Are Americans increasingly fed up with winter? The great migration south and its impact

JoAnn Ryan

According to U.S. Census Bureau data, people living in the northern areas of the U.S. have been steadily relocating to the southern areas of the country for decades. This includes to such states as Florida, Texas and Nevada.
Winter in New YorkPhoto byAndre BenzonUnsplash

Most of us didn't need the CB data to tell us this though, as many of our family members, friends, neighbors and maybe even you yourself have made the trek south. I'm one myself, having made the move more than a decade ago now in 2012.

It's not too difficult to understand why either. As mentioned in this article in The Washington Post, Americans hate winter and "only about 1 in 10 of us call it our favorite season."

People do move for other reasons: lower cost of living, politics, etc., but not wanting to shovel snow, constantly wipe one's nose and slip and slide in the snow and ice is still likely the biggest motivator for people who choose to move south. It was for me.

Back a few years ago, this rather charming article was featured in The Atlantic: "Why So Many People Hate Winter", which pointed to research that suggests only two kinds of people actually tolerate winter well: indigenous Arctic groups and Men.

I don't fall into either category myself. How about you?

Women especially seem to dislike the cold as we age.

Mass migration straining some southern states

Florida has seen the worst of it lately. Even though it was the fastest growing state in 2022, the land of sunshine has been seeing sharp population growth for decades.

(Could this be partially to blame for the mass amounts of people who do not seem to know where or how to properly build their house in "The Sunshine State"? One has to wonder.)

Texas has had a double whammy effect going on for many years as they have sharp population inflow not only from domestic migration but, as has been well documented, from international migration as well.

The latter factor has had such a tremendous impact that, by some reports, the Hispanic population has either surpassed, or may be soon be surpassing white populations with regards to the numbers of residents (kinda depends on which stats a person trusts).

Nevada is a bit of an anomaly here. Even though they've been experiencing a burgeoning population for years from all over the country, especially to the Las Vegas and Reno areas, most new residents seem to be coming from California, Arizona, Texas and other southern states.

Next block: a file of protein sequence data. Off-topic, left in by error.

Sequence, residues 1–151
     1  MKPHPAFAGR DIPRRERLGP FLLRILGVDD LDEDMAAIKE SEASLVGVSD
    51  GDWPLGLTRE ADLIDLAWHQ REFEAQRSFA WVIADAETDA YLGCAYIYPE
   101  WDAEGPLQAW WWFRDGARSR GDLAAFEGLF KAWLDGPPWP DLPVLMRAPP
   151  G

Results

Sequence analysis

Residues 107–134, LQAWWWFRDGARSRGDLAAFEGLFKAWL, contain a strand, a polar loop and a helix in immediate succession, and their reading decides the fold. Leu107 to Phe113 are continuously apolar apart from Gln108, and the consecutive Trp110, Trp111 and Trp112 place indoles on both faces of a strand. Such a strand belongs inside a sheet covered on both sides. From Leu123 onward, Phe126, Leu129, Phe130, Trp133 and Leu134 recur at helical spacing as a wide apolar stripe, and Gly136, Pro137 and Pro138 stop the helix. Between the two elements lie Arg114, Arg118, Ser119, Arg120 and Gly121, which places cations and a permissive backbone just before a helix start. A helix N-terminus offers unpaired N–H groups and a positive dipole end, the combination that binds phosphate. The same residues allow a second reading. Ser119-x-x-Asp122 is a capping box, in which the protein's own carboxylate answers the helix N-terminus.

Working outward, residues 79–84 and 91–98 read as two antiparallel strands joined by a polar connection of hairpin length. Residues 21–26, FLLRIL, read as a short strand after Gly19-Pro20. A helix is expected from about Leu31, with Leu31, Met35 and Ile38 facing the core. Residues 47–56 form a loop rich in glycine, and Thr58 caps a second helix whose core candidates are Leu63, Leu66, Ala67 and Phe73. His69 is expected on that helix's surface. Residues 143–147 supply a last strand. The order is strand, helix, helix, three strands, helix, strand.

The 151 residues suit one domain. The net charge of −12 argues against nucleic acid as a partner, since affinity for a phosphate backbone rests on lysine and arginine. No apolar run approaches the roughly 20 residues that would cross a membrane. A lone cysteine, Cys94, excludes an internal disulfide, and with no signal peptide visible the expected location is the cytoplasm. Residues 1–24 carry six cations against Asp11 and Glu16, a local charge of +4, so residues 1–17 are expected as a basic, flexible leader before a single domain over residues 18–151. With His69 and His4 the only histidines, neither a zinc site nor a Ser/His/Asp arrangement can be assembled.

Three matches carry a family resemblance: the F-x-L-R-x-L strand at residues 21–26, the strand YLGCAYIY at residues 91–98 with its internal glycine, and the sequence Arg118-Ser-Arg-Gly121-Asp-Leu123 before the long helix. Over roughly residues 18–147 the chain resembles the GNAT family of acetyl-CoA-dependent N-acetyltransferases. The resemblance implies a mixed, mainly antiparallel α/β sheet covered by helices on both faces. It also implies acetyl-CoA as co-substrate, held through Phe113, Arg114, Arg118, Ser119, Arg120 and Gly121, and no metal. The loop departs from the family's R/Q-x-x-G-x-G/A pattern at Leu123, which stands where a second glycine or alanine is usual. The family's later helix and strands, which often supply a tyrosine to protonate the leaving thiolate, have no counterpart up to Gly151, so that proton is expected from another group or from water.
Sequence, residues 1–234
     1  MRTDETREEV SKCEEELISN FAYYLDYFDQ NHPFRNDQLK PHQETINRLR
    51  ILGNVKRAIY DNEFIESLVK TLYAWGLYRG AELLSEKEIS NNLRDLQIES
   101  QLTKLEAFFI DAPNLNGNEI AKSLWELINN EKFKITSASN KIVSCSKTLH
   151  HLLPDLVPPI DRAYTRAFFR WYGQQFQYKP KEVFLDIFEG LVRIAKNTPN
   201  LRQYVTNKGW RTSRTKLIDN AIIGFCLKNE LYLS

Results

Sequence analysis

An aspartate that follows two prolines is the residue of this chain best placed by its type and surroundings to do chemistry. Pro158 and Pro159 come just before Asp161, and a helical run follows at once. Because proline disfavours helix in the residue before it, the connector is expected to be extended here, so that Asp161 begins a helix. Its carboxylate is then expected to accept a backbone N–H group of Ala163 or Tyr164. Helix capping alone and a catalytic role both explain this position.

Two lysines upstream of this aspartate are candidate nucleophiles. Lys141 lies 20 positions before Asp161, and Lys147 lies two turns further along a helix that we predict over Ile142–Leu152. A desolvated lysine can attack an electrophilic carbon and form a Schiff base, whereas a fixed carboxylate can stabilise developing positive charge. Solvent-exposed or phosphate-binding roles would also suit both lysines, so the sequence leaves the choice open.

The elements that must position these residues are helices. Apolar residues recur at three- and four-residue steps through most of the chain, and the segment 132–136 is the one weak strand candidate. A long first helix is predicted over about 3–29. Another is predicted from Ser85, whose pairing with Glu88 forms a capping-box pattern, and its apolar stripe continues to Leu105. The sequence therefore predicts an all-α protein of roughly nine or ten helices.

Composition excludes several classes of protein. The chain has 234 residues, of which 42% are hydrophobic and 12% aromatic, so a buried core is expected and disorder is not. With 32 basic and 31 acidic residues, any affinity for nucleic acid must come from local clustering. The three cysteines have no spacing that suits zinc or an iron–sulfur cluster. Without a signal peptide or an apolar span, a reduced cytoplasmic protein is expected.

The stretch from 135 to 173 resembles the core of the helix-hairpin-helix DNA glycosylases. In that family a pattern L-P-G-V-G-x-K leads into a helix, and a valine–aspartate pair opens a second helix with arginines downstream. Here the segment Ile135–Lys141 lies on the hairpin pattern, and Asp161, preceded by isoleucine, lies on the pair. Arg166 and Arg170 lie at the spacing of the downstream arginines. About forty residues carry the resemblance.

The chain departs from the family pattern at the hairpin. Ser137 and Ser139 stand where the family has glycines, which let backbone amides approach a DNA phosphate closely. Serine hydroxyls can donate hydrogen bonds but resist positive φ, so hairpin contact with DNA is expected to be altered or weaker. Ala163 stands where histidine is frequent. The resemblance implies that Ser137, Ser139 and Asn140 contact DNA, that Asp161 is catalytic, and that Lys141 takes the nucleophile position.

Weather can't be too much of a factor for these folks, so perhaps they are merely attracted to lower costs of living via such things as no state income tax, less crowds and just the fun and glitz that Vegas and Reno has to offer.

Other southern states high on the influx list include Arizona, South Carolina and Georgia.

Some southern states have lost population though

Not every southern state has seen such growth, some states like Louisiana and Mississippi have actually lost people.

While politicians seem to love pointing fingers at President Joe Biden for taking industry jobs away, this lacks any kind of sense as Louisiana lost population during the Trump years as well.

More sensical is to blame the devastation and destruction from multiple hurricanes for producing a stagnant and lackluster population of people.

It's all a different story in Mississippi. Young people especially are moving due to lack of diversity in many areas: people, education, politics, etc.

Can't really blame them there, especially if you're a young black person. I would get out, too, and go somewhere where I would have more equal opportunities, like Atlanta, GA.

Some cold states are seeing an influx of people, too

While a general shift southward has been the most significant story as far as U.S. migration goes, there are a great number of people who are heading to such states as Idaho, Montana, Delaware and Maine.

Not everyone seems to mind the cold, obviously, and it's pretty safe to assume that people are moving to these states to escape more crowded areas like New York City for wide open spaces and a cheaper cost of living.

Of course, high influxes of people tend to drive up the cost of living wherever they go.

What do you think about this shift? Have you yourself made a significant move in the last decade or so. If so, what was your reasoning behind it?

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